Tuesday, March 26, 2013

What's Dell Really Worth?

Last month I wrote a piece comparing Michael Dell's bid to take his company private to John Rockefeller and Standard Oil a century ago.

As I wrote on February 11, 2013,on Random Glenings,  when the Supreme Court ruled in 1911 that Standard Oil was to be broken up based on antitrust regulations, Rockefeller was unfazed.

I quoted extensively from Ron Chernow's excellent book on Rockefeller called Titan:

John Rockefeller - head of Standard Oil - was not fazed.  Here's what Ron Chernow wrote in his epic book Titan about Rockefeller:

Rockefeller reacted {to the decision} with studied nonchalance.  He was golfing at Pocantico with Father J.P. Lennon from the Tarrytown Catholic church when he learned of the decision, and he did not seem particularly disturbed.  "Father Lennon," he asked, "have you any money?" The priest said no, then asked why.  "Buy Standard Oil, " Rockefeller said - which turned out to be sound advice.

Chernow went on to write why Rockefeller was not concerned by the government's decision:

Those who had seen the Standard Oil dissolution as condign punishment for Rockefeller were in for a sad surprise:  It proved to be the luckiest stroke of his career.  Precisely because he lost the antitrust suit, Rockefeller was converted from a mere millionaire, with an estimated net worth of $300 million in 1911, into something just short of history's first billionaire...

What quickly grew apparent...was that Rockefeller had been extremely conservative in capitalizing Standard Oil and that the split-off companies were chock-full of hidden assets...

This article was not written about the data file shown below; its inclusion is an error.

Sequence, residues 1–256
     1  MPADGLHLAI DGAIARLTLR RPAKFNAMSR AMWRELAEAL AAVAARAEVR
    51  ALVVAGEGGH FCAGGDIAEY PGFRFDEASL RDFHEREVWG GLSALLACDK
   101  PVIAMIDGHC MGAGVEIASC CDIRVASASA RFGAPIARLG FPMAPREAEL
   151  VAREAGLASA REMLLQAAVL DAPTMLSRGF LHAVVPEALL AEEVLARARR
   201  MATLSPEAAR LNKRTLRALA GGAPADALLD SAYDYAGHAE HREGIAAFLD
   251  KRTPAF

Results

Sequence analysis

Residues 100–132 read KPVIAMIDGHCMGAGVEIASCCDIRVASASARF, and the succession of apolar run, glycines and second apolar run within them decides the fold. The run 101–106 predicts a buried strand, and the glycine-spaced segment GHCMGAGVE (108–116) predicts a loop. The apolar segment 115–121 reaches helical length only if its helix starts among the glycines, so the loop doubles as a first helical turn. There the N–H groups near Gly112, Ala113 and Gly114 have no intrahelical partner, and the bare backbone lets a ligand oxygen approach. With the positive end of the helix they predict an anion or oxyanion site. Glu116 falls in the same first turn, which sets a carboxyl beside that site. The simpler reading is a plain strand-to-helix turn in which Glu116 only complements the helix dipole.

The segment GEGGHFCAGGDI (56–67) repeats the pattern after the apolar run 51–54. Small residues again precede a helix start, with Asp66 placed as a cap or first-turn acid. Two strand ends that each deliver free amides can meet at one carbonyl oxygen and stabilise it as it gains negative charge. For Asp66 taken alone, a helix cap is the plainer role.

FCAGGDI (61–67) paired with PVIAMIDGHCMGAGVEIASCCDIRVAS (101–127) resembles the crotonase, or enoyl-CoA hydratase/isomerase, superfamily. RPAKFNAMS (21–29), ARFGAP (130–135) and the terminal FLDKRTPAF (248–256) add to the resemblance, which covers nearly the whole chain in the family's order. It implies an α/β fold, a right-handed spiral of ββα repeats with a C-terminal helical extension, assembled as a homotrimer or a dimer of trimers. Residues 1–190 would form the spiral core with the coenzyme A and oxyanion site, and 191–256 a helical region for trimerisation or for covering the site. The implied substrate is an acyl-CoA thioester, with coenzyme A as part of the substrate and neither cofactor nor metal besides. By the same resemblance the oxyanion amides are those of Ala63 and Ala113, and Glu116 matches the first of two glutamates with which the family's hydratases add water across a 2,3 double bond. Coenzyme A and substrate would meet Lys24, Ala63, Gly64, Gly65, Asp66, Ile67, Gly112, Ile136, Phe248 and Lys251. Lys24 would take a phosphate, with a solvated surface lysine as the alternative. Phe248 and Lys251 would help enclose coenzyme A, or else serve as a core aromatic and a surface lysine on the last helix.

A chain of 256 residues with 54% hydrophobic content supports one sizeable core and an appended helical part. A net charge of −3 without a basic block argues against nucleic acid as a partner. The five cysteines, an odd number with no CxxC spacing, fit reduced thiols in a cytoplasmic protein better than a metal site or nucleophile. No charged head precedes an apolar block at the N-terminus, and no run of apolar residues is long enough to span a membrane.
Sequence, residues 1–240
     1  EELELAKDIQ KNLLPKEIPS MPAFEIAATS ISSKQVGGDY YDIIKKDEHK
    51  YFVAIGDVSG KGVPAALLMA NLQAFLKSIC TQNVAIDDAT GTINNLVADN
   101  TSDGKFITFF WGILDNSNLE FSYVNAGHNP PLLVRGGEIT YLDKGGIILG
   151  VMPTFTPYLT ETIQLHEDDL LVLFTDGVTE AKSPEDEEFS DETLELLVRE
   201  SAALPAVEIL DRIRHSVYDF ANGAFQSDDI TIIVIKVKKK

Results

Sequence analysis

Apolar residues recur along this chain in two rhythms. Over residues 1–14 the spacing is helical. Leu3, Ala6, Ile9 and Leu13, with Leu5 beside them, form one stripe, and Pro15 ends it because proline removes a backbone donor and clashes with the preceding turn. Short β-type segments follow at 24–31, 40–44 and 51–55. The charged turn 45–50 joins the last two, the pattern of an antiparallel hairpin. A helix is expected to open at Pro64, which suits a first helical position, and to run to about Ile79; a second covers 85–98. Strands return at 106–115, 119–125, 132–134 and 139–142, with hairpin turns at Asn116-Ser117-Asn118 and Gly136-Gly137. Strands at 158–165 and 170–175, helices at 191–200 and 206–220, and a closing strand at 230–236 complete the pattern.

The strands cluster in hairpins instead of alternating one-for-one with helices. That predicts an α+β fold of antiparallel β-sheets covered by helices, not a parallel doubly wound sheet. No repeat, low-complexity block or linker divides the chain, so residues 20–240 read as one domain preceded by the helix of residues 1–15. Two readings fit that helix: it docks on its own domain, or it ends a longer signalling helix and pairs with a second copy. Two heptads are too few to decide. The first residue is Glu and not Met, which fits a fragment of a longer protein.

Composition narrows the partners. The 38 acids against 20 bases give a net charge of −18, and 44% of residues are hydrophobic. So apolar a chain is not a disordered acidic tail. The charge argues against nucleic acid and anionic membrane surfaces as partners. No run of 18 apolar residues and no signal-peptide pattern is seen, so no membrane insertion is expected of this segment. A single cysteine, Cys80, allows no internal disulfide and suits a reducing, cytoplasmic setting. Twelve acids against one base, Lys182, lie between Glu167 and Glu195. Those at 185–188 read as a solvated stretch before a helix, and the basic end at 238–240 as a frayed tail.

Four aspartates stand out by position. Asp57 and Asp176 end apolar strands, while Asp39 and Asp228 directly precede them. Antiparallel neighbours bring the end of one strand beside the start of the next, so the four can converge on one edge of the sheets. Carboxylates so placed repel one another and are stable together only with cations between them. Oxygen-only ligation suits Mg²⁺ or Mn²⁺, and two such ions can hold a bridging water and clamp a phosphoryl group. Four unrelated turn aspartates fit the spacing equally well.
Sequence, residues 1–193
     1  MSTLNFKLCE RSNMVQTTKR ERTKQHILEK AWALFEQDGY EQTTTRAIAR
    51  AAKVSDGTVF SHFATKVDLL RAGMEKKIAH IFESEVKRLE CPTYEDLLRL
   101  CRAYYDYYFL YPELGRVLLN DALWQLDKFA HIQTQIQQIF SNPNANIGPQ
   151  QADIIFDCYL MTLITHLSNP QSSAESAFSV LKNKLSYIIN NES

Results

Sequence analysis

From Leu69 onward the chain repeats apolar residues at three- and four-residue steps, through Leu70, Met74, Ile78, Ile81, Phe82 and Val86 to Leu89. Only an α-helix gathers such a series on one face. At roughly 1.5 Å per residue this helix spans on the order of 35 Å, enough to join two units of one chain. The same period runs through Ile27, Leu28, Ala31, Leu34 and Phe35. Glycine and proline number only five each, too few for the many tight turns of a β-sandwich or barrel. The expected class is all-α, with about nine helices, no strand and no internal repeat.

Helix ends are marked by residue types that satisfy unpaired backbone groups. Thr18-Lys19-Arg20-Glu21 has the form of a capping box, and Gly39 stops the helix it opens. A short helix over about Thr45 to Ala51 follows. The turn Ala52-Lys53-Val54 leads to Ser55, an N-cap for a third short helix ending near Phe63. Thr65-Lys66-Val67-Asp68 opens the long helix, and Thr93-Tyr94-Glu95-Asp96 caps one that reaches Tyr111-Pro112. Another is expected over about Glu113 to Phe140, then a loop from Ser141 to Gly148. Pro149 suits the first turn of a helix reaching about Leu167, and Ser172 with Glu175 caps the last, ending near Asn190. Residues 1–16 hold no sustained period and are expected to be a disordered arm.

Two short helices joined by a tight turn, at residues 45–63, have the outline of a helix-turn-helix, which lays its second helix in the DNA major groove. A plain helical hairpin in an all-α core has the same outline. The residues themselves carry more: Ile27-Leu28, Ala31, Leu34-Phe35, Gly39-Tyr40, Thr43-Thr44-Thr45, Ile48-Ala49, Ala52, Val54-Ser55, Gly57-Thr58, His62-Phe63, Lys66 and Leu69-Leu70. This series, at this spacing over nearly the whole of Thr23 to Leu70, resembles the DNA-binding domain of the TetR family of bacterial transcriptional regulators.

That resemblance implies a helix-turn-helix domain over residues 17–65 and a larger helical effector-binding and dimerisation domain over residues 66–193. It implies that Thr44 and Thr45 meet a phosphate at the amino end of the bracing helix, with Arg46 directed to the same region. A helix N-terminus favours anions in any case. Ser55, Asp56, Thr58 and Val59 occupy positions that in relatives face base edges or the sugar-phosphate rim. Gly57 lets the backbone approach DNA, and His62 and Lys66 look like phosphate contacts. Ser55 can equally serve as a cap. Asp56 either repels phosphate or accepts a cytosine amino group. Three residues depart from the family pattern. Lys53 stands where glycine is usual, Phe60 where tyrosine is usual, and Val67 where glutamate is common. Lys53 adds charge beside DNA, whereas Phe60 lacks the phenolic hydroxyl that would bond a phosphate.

For years, the shares of Standard Oil had been depressed by the antitrust litigation, but with the litigation ended, they bounced back to a more normal level....

During the ten years after Standard Oil's 1911 dismantling, the assets of its constituent companies quintupled in value.

I then went on to Michael Dell's bid:

Michael Dell recently announced that he was leading a group of investors (including Microsoft) trying to take the company he started private.
Is Dell truly undervalued, or is Mr. Dell's move simply a sign that his frustration with Wall Street has gotten too great?

I am inclined to believe that Dell is worth far more than the the bid of $13.50 to $13.75 that Mr. Dell and his consortium are offering. Like Rockefeller, there are parts of the company that Dell knows that the Street is greatly undervaluing. Rather than try to convince investors to change their generally bearish view, taking the company private allows the true value of the company to be unlocked.


As you have no doubt read, several other money managers have now entered the bidding war for Dell, although their bids are not too different that Michael Dell's.

What was interesting to me, however, is the comments of billionaire investor Leon Cooperman, as quoted in this morning's New York Times:

Leon Cooperman, the billionaire investor and longtime Wall Street denizen, was railing on Monday about the deal of the moment: Michael Dell’s $24 billion effort to buy out the troubled computer maker he founded.

“Management-led buyouts are a giant case of inside trading by management against their own shareholders,” Mr. Cooperman told me, continuing: “Dell has a moral responsibility to work for his shareholders.

“He’s not doing this because he thinks his company is overvalued. He wants to make money.”


The article goes on to quote famed investor David Einhorn:

David Einhorn, the hedge fund manager, went so far as to suggest, perhaps cynically, that the swoon in Dell’s stock price in the second half of 2012 may not have been unwelcome inside the company.

“Michael Dell probably didn’t mind the stock falling,” Mr. Einhorn said on a conference call with investors recently. “For him, it created an opportunity. Now, he wants to take Dell private, and voilĂ !”

Still, it is also worth noting that Dell has struggled in recent years. Sales have been under pressure, and Dell's operating margin of 7% on revenues last year is not inspiring.  So it is possible that Michael Dell is becoming too emotional about the company that he started in his college dorm room two decades ago.

But I wouldn't bet on it.